When I was asked if we'd like to try out new superfood Baobab Powder, I did a bit of a double-take.
The only thing I know about Baobab trees is the fact that they feature in the classic French story, Le Petit Prince, where they have to be kept in check because they want to take over the planet ! (The story was written during World War II so the invading baobabs were supposed to represent industrial and miltary powers-that-be.)
You may not be aware of Le Petit Prince but it is almost a national institution in France, so much so that he used to feature on the 50 franc note, before the euro was introduced.
But enough about the fictional baobab trees - I was interested to learn about the real baobabs and, more importantly, their fruit. The press release explains : "Baobab is a superfruit originating from southern Africa. It grows on trees and is harvested between May and September each year. Also known as the “upside down tree”, it is pollinated by bats and produces large green or brownish baobab fruits. A simple process to obtain the powdery fruit pulp involves collecting the fruit by hand, cracking open the hard shells and then milling and separating into a course and fine powder."
So why is it being dubbed the new superfruit? Again, the press release offers lots of information : "Baobab has a range of nutritional benefits including high ascorbic acid content, high pectin content, and several B vitamins including B1, B2, B3 and B6. Baobab is rich in calcium containing higher levels than milk – baobab can contribute up to 30mg/day to the diet. Baobab also has more than 100 times the anti-oxidant activity compared to that of oranges and contains over 50% total dietary fibre. Due to the high levels of vitamins, minerals and anti-oxidants baobab is said to be a natural boost to health and may also aid the absorption of iron from food. Baobab is widely consumed all over southern Africa as a refreshing juice or snack, and is particularly enjoyed by children. Pregnant women use it for its health benefits. The Kung San bushmen of the Kalahari eat it to ward off winter colds, combat fevers, stomach upsets and as a general pick-me-up."
Sounds great, but I wanted to see what it tasted like. I tipped some out to have a look and it's a light brown powder with a texture similar to icing sugar. I dipped my finger in for a taste and it has a zingy taste that isn't unpleasant.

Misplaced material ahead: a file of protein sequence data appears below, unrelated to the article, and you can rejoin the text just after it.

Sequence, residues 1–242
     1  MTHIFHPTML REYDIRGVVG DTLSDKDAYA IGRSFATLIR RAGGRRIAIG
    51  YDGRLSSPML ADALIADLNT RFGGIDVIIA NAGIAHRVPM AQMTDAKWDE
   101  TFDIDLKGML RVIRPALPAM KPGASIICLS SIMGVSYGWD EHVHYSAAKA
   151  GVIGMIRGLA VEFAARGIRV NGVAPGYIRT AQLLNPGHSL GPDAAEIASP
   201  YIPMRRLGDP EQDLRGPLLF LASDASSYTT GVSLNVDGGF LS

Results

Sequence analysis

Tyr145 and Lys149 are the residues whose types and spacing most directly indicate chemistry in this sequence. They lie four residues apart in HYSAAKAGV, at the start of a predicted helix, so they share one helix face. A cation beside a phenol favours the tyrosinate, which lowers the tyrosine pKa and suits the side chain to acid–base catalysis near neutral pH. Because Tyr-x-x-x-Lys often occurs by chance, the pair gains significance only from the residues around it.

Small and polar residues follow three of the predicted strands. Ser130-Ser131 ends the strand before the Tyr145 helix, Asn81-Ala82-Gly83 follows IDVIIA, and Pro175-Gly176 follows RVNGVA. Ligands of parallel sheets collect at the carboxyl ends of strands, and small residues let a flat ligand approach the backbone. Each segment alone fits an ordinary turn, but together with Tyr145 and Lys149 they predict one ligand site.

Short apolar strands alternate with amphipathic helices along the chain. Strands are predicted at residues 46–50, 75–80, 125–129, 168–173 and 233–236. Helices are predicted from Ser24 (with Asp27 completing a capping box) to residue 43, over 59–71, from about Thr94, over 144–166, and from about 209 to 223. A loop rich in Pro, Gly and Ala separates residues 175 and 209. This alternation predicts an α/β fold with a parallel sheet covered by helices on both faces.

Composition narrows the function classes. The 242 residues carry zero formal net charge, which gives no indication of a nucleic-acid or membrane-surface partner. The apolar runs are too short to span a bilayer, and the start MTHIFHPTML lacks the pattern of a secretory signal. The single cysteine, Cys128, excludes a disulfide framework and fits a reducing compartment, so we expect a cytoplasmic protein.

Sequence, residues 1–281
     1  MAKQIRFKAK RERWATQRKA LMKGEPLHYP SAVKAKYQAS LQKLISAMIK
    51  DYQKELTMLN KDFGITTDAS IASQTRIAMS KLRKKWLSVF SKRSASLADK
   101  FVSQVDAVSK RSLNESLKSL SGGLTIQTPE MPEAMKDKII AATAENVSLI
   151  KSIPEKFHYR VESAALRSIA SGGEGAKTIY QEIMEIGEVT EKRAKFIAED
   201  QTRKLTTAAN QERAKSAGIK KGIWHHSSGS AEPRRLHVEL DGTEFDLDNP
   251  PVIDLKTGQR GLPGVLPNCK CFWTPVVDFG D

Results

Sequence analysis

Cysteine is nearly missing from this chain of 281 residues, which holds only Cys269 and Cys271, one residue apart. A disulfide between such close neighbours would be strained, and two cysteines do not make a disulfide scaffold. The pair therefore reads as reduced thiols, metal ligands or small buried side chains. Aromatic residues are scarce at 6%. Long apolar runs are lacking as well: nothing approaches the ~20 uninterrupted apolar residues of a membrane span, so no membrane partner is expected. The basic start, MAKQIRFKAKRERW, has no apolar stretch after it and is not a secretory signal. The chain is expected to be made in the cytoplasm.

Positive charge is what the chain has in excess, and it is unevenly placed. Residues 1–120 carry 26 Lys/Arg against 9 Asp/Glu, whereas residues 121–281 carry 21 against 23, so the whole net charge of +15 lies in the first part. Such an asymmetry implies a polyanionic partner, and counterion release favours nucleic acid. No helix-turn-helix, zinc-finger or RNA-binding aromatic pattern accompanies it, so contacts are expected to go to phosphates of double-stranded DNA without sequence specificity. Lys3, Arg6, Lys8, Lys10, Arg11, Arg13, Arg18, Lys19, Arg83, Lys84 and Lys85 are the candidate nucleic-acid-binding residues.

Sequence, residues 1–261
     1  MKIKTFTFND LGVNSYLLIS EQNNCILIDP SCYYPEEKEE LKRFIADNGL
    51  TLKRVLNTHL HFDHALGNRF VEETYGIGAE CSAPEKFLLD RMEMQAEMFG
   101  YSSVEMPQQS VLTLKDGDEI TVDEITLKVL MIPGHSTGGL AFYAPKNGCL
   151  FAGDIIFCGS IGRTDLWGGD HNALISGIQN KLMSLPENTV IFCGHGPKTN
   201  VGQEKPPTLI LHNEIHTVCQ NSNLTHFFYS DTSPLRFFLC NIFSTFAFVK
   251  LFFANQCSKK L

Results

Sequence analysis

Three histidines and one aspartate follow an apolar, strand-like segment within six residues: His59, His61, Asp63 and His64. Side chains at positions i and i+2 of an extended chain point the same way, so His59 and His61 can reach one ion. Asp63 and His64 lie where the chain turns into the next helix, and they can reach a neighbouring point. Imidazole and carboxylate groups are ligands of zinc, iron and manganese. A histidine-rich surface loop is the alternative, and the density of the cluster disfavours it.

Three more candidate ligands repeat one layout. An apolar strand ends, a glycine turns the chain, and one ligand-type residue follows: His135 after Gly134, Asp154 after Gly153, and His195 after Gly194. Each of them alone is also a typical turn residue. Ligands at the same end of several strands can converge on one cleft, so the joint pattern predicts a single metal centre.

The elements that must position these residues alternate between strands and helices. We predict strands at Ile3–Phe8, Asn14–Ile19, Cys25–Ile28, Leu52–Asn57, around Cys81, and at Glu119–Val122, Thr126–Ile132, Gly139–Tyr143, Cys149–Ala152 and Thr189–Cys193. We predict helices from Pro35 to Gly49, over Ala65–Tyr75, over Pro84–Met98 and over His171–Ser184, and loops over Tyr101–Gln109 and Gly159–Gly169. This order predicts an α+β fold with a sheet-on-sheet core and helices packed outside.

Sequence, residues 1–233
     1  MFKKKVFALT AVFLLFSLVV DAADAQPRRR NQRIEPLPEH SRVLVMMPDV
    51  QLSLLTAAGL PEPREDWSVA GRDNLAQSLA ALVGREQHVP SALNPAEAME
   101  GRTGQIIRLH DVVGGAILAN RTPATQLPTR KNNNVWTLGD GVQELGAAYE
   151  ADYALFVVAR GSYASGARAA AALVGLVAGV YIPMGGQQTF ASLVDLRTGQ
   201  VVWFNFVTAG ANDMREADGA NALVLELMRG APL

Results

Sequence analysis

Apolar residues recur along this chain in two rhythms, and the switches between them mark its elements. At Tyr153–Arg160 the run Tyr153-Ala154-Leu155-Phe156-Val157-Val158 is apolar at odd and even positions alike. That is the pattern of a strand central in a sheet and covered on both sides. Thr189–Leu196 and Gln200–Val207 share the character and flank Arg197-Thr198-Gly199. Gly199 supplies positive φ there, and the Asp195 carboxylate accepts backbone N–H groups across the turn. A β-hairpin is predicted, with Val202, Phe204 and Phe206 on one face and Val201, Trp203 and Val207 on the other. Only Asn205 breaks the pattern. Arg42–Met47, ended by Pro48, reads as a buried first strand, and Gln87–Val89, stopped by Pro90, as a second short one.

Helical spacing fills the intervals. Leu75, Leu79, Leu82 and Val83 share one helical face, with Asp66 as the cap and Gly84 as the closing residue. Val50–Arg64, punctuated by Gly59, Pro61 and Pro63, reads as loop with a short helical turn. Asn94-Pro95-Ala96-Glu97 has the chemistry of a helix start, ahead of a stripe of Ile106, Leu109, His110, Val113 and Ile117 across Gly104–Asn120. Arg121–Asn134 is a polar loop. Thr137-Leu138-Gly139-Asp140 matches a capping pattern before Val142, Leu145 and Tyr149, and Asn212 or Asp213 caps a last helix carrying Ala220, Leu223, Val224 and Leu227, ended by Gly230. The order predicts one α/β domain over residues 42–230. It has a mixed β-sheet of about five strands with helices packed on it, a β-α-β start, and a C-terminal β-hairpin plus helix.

I decided to add some to a cranberry and apple crumble, mixing it into the fruit before sprinkling it with Golden Syrup Sugar which would disguise the brownish colour of the baobab powder.
It disappeared into the fruit without leaving any powdery residue and nobody even noticed it was in there ! I could detect some sharpness but I'm not sure if that came from the tart cranberries or the baobab powder.
As you can see, it was gobbled up in no time and everyone declared it delicious. Baobab can be used in a range of recipes from smoothies and curries to flapjacks and jams, so I'll be looking for other recipes to add it to.
As well as the health benefits, I love the fact that The Eden Project is working with an organisation called TreeCrops Ltd, working with harvester groups in Malawi (where Eden currently sources all its baobab powder) to supply baobab produced to fair trade standards. The Eden Project is championing the growth of the superfruit in the UK market by undertaking a project to raise awareness of baobab and baobab products. Working with PhytoTrade Africa, ‘Project Baobab’ also aims to educate people on the importance of sustainably harvesting the fruit to ensure there’s a positive impact on poor families in Africa.
RRP : £5 for a box of 8 sachets, £12.50 for a 200g pouch, £14.50 for a 250g jar
for more information : www.edenprojectshop.com
Disclosure : I received some samples in order to write an honest review.
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